Being new to benchmarking, will the following code will actually reveal the knowledge I seek – *Which std method is a faster way of determining if two floating point values have the same sign?*

```
use criterion::{criterion_group, criterion_main, BenchmarkId, Criterion};
// use num_traits::{float::Float};
use rand::{thread_rng, Rng};
type Pair = (f64, f64);
#[inline]
/// I think this will be slower because it includes a copysign call
/// ^ I was wrong
fn compare_same_signum(test_pairs: &[Pair]) {
test_pairs
.iter()
.for_each(|(a, b)| {
let _ = a.signum() == b.signum();
});
}
#[inline]
/// I think this will be faster because there's no copysign call
/// ^ I was wrong
fn compare_same_is_sign(test_pairs: &[Pair]) {
test_pairs
.iter()
.for_each(|(a, b)| {
let _ = a.is_sign_negative() == b.is_sign_negative();
});
}
#[inline]
/// I think this will maybe be on par with the is_sign methods which use to_bits
/// ^ I was kind of right
fn compare_same_to_bits(test_pairs: &[Pair]) {
let mask = 0x8000_0000_0000_0000u64;
test_pairs
.iter()
.for_each(|(a,b)| {
let _ = (a.to_bits() & b.to_bits()) & mask != 0;
});
}
fn bench_float_comparisons(c: &mut Criterion) {
// Some random test data
let mut rng = thread_rng();
let test_size = 100_000_000usize;
let test_pairs = (0..test_size)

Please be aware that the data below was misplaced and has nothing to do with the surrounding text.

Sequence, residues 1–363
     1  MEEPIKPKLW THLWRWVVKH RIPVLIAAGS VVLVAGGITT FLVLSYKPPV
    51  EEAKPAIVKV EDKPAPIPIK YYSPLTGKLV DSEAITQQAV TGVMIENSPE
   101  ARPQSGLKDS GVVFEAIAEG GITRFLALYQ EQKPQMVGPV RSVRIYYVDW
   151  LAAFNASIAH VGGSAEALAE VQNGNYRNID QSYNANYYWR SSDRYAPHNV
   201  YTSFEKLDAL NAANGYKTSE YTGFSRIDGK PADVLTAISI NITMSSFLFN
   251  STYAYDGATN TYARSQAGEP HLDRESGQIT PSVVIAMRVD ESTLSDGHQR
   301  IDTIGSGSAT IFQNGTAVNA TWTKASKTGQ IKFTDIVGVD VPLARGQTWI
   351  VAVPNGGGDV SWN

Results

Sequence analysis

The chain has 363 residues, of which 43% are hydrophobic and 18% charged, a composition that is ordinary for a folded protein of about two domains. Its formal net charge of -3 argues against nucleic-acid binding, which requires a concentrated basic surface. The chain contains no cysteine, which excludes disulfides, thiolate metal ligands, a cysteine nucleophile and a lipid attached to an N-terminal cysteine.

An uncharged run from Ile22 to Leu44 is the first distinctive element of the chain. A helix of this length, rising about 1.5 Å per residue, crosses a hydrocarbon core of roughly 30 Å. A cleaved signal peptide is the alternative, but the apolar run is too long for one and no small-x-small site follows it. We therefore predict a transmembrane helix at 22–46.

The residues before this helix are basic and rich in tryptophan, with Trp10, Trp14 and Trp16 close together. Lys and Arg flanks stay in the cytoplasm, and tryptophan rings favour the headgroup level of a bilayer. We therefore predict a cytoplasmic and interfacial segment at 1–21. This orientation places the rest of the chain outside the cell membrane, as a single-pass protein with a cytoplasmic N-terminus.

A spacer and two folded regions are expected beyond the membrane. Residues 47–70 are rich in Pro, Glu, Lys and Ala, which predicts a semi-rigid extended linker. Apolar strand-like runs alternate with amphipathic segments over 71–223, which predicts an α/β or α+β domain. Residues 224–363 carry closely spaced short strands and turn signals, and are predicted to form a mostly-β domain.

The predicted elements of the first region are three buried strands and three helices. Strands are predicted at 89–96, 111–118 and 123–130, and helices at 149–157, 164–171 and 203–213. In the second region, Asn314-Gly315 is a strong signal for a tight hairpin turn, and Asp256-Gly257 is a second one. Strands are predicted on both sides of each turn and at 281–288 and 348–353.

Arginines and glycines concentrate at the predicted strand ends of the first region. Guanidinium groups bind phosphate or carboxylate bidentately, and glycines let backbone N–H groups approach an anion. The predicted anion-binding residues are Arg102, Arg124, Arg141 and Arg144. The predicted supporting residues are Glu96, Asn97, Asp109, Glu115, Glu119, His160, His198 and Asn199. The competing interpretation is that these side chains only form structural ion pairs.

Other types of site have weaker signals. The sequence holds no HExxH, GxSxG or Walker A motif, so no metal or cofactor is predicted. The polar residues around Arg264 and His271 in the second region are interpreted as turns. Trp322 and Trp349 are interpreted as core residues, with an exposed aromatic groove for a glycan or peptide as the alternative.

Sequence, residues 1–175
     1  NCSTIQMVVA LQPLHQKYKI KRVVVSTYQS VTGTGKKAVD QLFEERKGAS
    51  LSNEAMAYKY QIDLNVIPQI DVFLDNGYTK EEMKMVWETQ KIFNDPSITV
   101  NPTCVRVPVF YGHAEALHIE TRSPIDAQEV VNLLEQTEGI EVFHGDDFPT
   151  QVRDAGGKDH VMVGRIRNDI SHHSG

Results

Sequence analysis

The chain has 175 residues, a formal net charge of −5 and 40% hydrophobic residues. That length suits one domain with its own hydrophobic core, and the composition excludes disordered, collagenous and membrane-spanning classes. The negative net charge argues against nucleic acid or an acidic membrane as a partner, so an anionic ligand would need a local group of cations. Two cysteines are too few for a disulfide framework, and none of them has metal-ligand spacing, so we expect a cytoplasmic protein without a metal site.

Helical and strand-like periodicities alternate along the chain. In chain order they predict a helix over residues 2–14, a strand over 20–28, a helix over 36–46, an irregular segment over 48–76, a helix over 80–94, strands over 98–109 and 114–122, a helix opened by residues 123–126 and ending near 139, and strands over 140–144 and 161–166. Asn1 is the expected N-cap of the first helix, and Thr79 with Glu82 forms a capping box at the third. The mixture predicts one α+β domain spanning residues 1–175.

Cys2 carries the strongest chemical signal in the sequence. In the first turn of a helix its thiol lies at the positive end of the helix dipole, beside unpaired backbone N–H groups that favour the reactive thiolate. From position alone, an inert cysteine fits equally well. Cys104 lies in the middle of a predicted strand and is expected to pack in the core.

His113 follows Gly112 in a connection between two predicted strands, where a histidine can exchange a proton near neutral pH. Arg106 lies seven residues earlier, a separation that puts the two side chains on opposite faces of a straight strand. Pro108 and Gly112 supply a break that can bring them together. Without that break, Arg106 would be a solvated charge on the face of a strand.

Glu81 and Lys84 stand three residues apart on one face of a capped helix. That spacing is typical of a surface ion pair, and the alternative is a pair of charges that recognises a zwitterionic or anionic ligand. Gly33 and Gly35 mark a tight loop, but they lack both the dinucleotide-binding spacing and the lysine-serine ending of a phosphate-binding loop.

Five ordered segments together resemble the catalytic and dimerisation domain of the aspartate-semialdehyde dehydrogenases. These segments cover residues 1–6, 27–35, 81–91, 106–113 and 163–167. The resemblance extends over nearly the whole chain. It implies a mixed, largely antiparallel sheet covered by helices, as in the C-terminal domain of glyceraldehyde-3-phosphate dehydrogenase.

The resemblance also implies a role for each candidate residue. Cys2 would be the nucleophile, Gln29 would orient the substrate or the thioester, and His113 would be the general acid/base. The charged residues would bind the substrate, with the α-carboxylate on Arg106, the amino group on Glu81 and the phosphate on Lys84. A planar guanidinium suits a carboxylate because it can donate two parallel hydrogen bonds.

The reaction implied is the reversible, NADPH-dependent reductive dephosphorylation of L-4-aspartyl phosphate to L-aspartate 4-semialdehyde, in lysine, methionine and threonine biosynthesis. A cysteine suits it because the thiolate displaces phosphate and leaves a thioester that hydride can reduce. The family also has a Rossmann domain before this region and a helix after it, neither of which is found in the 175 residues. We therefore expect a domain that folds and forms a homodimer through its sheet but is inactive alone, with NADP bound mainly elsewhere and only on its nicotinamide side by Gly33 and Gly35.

.map(|_| (rng.gen(), rng.gen()))
.collect::<Vec<Pair>>();
// A benchmarking group
let mut group = c.benchmark_group("float sign comparisons");
// Comparisons on differently-logarithmic-decade-sized slices of the same random test data
for i in (1..8).rev().map(|d| test_size/10usize.pow(d)) {
group.bench_with_input(
BenchmarkId::new("signum", i),
&i,
|b, i| b.iter(|| {
compare_same_signum(&test_pairs[0..*i])
})
);
group.bench_with_input(
BenchmarkId::new("is_sign_negative", i),
&i,
|b, i| b.iter(|| {
compare_same_is_sign(&test_pairs[0..*i])
})
);
group.bench_with_input(
BenchmarkId::new("to_bits", i),
&i,
|b, i| b.iter(|| {
compare_same_to_bits(&test_pairs[0..*i])
})
);
}
group.finish();
}
criterion_group!(benches, bench_float_comparisons);
criterion_main!(benches);
```

Is there a more accurate way to do this? Do you see any major issues with the way I write the benchmark?

*Unnecessary background information:*

I am partially doing this to learn to benchmark properly/accurately before I try benchmarking larger code sections that rely on the similar operations to classify points, vectors, etc that are known to be finite – otherwise I'd just stick to `signum`

.

I ran the code a few times, but after viewing the results, my brain has neither grown any larger nor gained heightened powers of perception.